eDNA is revolutionising species monitoring in aquatic environments
2 May 2017, Dr Katie Robinson
You can’t manage species effectively if you don’t know where they are. Traditional observation-based survey methods serve an important role, but it can be a real challenge to use these methods to detect species in environments where they are not easily visible. A recent article by Jim Robbins (A splash of River Water Now Reveals the DNA of all its Creatures) gives us a great overview of how eDNA technologies have begun to revolutionise species detection and monitoring within an aquatic context.
Jim explains how eDNA assays are being used across the Northern Hemisphere to detect invasive species, like carp and bullfrogs, manage endangered species and reintroduction programs, as in the case of the threatened bull trout, and even detect elusive species, such as the mysterious cave dwelling ‘baby dragons’ found deep within the rugged Dinaric Alps of the Balkan Peninsula. This rapidly evolving technology can also be used to get ‘snapshots’ of entire species communities, as shown with a study of fish biodiversity within the Sea of Japan.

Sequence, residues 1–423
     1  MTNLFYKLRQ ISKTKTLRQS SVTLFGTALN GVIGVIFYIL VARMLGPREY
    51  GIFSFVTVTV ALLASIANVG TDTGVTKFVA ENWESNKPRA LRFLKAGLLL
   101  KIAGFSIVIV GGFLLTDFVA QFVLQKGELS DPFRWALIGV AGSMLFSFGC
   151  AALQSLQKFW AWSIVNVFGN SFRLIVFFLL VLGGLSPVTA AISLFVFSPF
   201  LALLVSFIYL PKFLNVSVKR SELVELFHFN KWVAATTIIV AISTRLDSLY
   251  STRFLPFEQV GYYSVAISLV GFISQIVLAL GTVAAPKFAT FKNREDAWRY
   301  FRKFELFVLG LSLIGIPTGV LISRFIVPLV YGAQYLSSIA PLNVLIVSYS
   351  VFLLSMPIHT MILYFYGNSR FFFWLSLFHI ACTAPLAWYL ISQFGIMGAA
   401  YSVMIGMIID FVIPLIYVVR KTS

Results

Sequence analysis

Jim's article is a great read as it highlights the varied ways in which eDNA can provide novel solutions to environmental managers, conservationists and biologists alike, using simple cost-effective assays. eDNA can be used to survey difficult to access habitats and can even be incorporated into citizen science projects!
Here at EnviroDNA, we apply this same technology. Whether you work with endangered, invasive or cryptic species, want to conserve whole species communities or have a custom application, we have an eDNA assay that can work for you.
If you would like to chat some more about how eDNA could help you, please get in touch at firstname.lastname@example.org